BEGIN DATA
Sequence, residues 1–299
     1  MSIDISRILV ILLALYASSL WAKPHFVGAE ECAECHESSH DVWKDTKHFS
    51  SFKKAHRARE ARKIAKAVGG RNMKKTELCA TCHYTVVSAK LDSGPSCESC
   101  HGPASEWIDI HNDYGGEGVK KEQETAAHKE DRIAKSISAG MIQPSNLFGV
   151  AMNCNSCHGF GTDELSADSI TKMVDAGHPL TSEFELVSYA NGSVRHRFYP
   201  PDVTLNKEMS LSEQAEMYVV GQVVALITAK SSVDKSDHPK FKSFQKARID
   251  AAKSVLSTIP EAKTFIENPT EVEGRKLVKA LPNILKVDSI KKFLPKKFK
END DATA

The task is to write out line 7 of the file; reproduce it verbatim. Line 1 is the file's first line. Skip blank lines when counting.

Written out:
   251  AAKSVLSTIP EAKTFIENPT EVEGRKLVKA LPNILKVDSI KKFLPKKFK